For my very first Letter Writing event back in the fall of 2020, I had people RSVP through Google Forms, but instead of emailing them, I sent a text message to each of people who dropped their phone number. Getting a text is a lot quicker and eye-catching than an email. If you can text reminders to your friends, they’ll come!
4. Greet people as they come in
If it’s an in-person event, stand by the entrance and say hello! Yes, it might be a bit awkward, but get someone to do it, whether that means you or another person. Plus, this way it’s easy to direct people in the places they need to go, or sit down, or where to grab the supplies they need, or you can even tell them ahead of time not to steal all of the burritos for themselves.
If it’s online, send them a private chat saying hey! I tend to do this at club meetings that I’m leading through Zoom. It’s nice to receive a hello from someone recognizing your presence, especially if you’re brand new to the group! Plus, then they can private message you any questions they have and you can answer them speedily.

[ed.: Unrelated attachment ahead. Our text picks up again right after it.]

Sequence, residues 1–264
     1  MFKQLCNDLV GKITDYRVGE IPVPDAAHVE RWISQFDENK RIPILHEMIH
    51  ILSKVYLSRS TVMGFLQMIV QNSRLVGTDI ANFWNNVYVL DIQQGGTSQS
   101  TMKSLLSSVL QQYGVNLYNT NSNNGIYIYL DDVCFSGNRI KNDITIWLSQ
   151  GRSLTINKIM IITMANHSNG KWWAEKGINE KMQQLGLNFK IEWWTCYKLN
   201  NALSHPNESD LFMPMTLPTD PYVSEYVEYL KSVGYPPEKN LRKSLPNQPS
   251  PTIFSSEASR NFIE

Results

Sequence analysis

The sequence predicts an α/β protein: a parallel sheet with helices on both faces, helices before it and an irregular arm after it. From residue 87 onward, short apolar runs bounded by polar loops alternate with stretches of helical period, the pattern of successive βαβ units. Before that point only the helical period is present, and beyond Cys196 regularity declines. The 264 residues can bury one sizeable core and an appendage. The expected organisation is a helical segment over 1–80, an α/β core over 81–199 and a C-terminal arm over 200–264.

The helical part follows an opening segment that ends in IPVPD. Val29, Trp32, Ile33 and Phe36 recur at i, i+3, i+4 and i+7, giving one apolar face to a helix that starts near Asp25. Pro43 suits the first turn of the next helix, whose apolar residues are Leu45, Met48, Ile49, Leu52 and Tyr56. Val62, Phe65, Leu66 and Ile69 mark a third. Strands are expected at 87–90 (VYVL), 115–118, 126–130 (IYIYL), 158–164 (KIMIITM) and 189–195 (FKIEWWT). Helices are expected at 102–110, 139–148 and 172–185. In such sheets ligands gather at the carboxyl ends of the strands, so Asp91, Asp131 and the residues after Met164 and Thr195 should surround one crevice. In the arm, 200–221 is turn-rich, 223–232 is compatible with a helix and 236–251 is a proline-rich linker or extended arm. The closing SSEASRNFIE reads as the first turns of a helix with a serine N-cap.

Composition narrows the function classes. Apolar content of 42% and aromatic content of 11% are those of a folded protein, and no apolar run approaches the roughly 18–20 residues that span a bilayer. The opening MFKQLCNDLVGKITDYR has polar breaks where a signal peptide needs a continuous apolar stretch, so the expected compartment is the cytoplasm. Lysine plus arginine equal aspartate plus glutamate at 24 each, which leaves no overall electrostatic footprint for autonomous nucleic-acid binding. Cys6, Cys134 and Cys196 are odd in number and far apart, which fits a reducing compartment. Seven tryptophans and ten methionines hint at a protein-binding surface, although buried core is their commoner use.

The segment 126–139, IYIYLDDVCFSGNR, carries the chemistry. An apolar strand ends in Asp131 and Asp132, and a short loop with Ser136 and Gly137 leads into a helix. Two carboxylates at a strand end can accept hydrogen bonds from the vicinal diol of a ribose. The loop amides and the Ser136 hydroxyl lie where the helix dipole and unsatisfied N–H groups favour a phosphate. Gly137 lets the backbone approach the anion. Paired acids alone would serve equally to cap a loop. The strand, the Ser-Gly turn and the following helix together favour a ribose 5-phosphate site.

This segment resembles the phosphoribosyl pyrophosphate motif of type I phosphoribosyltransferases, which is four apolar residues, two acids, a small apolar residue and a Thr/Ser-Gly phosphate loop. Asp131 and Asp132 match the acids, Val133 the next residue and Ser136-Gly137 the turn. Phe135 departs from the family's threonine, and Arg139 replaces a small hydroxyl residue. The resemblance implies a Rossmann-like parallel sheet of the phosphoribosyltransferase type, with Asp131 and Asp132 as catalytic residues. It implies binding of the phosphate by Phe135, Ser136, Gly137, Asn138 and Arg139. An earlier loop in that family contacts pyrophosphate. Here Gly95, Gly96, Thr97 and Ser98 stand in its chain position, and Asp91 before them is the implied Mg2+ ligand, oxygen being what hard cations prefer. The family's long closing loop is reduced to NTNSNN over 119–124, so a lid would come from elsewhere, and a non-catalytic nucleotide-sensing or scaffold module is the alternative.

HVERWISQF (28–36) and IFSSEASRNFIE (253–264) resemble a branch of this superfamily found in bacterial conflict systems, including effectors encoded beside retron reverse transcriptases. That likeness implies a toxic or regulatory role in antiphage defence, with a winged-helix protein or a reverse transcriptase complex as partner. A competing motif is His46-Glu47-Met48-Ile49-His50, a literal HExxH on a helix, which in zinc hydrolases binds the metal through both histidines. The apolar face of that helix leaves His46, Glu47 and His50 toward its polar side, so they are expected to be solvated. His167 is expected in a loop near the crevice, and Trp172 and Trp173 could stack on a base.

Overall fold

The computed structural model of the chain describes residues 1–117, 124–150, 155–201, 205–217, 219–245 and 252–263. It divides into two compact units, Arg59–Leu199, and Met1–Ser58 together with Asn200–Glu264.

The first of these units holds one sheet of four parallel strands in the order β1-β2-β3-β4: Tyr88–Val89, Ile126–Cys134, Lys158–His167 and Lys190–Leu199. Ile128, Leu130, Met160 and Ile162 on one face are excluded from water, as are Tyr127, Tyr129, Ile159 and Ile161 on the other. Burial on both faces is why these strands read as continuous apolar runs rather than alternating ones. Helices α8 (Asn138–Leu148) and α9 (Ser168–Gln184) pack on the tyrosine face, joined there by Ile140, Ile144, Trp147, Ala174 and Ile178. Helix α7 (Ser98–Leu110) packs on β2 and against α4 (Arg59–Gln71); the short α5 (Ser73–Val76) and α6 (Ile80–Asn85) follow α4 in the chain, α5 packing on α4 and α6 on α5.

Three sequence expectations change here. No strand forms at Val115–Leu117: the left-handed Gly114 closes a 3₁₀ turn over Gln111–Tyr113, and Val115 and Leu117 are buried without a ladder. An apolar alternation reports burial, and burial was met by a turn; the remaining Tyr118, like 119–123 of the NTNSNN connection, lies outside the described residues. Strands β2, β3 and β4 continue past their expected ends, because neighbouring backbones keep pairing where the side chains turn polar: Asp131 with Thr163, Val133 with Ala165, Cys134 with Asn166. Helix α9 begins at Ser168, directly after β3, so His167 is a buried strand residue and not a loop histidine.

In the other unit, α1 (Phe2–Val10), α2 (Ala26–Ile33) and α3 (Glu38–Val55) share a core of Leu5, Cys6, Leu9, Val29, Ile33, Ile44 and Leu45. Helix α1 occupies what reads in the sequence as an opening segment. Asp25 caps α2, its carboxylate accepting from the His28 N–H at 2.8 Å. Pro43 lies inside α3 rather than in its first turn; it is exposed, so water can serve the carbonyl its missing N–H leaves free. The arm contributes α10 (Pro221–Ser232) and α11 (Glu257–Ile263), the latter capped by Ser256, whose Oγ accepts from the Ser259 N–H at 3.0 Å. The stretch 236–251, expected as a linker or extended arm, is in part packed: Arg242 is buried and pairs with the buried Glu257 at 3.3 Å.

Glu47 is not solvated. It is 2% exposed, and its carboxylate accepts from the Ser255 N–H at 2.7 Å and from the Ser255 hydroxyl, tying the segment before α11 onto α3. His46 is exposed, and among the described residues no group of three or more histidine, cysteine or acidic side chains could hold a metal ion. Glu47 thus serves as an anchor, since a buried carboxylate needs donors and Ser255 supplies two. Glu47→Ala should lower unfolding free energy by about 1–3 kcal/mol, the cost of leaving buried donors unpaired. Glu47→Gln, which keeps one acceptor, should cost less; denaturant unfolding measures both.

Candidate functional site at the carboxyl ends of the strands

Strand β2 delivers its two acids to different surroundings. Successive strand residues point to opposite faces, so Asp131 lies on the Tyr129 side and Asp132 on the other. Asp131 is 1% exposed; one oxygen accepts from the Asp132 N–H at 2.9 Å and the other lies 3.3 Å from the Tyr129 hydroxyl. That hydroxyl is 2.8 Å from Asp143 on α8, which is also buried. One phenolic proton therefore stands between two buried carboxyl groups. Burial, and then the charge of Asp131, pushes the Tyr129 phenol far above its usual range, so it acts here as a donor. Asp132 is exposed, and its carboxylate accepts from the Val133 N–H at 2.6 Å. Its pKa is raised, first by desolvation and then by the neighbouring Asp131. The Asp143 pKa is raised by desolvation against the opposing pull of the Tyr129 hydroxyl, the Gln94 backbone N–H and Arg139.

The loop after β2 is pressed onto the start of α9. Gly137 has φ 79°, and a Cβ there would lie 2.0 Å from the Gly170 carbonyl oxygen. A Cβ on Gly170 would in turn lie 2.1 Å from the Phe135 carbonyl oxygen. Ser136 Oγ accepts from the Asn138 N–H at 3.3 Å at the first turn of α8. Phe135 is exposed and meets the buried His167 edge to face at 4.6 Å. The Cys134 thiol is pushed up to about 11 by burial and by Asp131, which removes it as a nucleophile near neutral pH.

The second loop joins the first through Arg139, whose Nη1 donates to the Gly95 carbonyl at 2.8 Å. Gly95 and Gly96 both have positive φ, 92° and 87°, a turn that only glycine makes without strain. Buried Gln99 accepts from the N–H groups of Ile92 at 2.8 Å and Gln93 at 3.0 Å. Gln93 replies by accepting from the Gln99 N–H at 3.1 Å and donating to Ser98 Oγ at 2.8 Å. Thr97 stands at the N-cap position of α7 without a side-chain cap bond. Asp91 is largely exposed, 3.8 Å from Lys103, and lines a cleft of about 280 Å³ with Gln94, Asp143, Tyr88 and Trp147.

5. If possible, leave people with something as they go
Whether you gift them a smile or a little info sheet of paper with more details as to how to get involved/contact you/etc., it’ll make the event all the more memorable. They’ll have something to bring back with them.
However, goodie bags are not essential, although they are certainly cute and if you can afford them, go for it! But for a college student like me, I can only work with the money that my university allocates for my club. But, trust me that regardless of the cash you have, you can give something out… It doesn’t have to be tangible.
Say that you are hosting an event online. Leave people with an individual chat message letting them know it was awesome seeing them. If you took a picture or any screenshot at the event, send it to everyone! People love a good picture to put on their social media. If you meet someone super cool, privately chat them and ask them out for a meal (this sounds super romantic, but I promise you that meals can be platonic. Unless you want to make it romantic, which is great, too).